As years go by this grows and Devonthink works well so you don’t really need to sort it. The challenge is that we really should be thinking about our data and storing it appropriately either with meta data or structure and remove cruft.

At some point you will need to sort it so if you buy Devonthink I would encourage you to still distill your data and create a knowledge base rather than a data dump.


Do you figured out the technical reason behind your data loss?

OK - got it. Looks very uefull!

1 Like

Wow - What a thread!!!

Thanks everybody for your many pros and the one contra.

Concerning the contra:

As always with software, one should not trust it completely to keep data safe - there is nothing like a solid backup strategy:

  1. keep backups onsite and offsite
  2. Keep old backups following a multiple generation model (e.g. keep yearly backups forever, the monthly of the last year, weekly of the last month, daily of the last week)
  3. verify your backups and data for corruption

Most of us (including myself) do 1 (e.g. time machine and backblaze in my case), many 2 (partly - I ave the one year version history for backblaze), and, only a few follow 3.

The problem with 3 is that, that it is a complex task which is a complex task, which likely differs between file formats.

Corruptions can occur through software bugs, race conditions, bitrot, etc. But I think an approach as I will outline could make the chance of data loss much less likey, in regards to DT. I assume, that the most likely culprit for the data loss in DT was something along the synching (maybe soime race conditions? No idea.)

  1. disable automatic sync with iCloud
  2. create a smart rule (as mentioned by others) which checks for empty files, abort if there are any
  3. verify and repair databases
  4. only if all checks result in no errors or warnings, do the sync.

It should be easily possible to implement such a rule and execute it either manually or on quit.
Or - could one leave “automatic sync” on, and only sync if these checks pass?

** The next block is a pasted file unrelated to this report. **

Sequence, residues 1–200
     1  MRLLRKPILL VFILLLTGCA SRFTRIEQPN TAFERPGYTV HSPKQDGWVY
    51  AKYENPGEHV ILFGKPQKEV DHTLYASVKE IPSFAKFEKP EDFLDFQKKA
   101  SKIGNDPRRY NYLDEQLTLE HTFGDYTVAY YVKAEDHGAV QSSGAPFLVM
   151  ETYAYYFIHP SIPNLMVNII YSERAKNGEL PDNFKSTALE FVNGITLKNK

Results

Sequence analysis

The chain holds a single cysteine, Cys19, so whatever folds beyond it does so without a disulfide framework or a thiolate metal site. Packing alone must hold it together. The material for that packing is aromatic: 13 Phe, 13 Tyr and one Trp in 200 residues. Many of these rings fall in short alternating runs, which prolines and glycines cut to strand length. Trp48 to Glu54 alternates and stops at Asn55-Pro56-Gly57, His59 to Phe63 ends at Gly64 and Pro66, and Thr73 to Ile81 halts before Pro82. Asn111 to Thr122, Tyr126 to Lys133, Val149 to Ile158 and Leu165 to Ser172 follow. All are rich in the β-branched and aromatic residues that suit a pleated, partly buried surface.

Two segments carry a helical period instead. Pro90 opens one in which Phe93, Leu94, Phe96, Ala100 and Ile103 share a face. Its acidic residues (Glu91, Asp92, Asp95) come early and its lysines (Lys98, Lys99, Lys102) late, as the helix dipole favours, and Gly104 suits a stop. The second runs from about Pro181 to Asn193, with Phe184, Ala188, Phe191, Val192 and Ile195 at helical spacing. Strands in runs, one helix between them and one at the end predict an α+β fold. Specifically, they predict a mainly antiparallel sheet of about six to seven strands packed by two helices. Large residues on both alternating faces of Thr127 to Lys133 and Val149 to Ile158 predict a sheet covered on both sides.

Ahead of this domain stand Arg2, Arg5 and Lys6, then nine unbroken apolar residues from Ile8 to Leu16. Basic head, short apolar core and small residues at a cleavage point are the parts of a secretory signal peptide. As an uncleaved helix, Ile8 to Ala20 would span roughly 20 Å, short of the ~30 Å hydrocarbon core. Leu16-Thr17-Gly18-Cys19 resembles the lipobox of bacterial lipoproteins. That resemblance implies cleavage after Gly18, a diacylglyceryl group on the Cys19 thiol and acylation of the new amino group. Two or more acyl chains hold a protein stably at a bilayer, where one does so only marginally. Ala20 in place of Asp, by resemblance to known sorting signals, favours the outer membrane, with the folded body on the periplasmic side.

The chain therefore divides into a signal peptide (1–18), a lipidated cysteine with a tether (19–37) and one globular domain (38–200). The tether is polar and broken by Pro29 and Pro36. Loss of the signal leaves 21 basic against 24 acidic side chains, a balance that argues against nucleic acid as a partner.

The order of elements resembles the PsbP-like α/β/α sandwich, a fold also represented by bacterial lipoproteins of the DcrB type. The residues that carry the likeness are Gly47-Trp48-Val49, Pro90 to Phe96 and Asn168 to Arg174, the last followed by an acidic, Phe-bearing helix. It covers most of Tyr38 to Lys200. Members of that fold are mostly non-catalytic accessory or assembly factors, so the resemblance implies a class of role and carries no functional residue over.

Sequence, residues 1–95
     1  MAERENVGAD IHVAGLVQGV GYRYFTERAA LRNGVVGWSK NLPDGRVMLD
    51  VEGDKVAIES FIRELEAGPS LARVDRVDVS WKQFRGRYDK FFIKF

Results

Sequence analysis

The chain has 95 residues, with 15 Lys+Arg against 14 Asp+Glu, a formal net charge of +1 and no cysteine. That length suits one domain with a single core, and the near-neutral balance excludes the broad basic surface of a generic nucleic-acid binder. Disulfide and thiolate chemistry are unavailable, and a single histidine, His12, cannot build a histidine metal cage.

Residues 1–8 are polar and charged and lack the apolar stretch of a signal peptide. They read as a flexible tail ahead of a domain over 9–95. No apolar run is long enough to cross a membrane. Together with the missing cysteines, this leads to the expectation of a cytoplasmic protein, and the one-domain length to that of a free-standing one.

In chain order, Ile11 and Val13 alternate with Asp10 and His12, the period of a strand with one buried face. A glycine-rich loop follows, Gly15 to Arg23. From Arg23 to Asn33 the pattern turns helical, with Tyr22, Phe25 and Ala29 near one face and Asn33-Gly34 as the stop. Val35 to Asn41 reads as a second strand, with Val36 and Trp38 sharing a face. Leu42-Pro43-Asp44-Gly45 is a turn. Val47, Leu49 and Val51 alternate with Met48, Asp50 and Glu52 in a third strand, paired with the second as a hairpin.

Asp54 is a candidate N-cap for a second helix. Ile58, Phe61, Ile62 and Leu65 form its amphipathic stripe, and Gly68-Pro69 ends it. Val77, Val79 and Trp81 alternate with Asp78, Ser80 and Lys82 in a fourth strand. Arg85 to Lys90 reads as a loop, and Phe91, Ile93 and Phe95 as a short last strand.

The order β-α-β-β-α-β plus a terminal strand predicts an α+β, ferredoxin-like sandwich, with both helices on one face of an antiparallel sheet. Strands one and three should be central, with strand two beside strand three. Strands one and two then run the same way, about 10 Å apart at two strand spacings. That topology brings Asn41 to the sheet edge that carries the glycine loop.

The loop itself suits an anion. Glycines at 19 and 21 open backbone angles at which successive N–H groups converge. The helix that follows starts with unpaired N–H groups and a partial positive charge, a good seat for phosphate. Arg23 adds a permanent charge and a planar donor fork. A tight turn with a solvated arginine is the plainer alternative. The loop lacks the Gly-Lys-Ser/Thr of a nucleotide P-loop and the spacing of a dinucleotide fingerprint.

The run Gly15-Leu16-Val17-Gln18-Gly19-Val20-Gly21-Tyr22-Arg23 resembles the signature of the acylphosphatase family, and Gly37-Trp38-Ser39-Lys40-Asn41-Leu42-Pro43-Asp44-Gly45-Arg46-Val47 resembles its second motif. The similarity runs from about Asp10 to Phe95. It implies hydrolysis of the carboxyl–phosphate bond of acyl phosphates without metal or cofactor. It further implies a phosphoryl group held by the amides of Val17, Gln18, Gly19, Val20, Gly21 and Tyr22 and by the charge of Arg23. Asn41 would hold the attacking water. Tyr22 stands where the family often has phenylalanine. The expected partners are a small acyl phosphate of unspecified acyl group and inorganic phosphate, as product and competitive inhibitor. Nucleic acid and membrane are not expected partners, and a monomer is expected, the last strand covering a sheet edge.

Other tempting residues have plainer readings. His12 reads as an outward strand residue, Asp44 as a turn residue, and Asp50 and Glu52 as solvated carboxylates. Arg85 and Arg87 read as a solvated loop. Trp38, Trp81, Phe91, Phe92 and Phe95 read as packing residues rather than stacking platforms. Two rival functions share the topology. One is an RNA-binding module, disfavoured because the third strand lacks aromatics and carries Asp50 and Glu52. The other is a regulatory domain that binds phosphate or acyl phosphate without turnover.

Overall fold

I agree, that this should be in the software itself, but there is nothing like software without bugs - and if they are very rare and only in specific cases, they are nearly impossible to fix.

So: I will very likely go the DT route and if I loose my data and complai here, please direct me to y post….

Thanks a lot.


Googling around, brought an old friend of mine (from Linux times) to mind: rsnapshot. Based on the rock-solid rsync (as Carbon Copy Cloner is as well) , it makes it easy to implement three generation backups.

… Looks at his 4 Seats.

I am going to say yes. I started with YoJimbo 13 years ago, moved to Evernote 8 years ago, now Devonthink 2 years ago. I think it is too powerful and versatile to ever be replaced.


And here is a manual to install and run rsnapshot on a Mac. It is from end 2017, but the only thing which likely has changed, is the implementation and options of the launchd Agent.

To me, DevonThink is essential and irreplaceable!!!

Two hints;

  1. Buy David Sparks DevonThink Field guide I had been using DT for years when the guide came out and I still learned a ton. To this day, when I want to try something new, I go back to David’s fieldguide and watch a couple of specific videos.

  2. I bought a 1tb SD card card that fits flush to the surface of the card slot from Amazon
    and I have Carbon Copy Cloner back up by DT data files twice a day. Once at lunch time and once at 6 pm. Since these are incremental backup they only take a few minutes.

BTW, this is not my only backup but it’s always current.

Also, the reason I purchased the 1tb is that I use a rolling five-day backup. This way I have five days of slack to become aware of a corrupt file or some other malady. Each Monday I then rewrite last Monday’s backup.

  1. Yes - I will invest in thge field guide - no question about that.

  2. This depends a lot on the settings for CCC - if you have unlimited Safety_Net enabled, then you can go back. If not, it would not help in the case of the undetected corruption discussed above. But I like that idea a lot - a second (in addition to Backblaze) backup on the go!

1 Like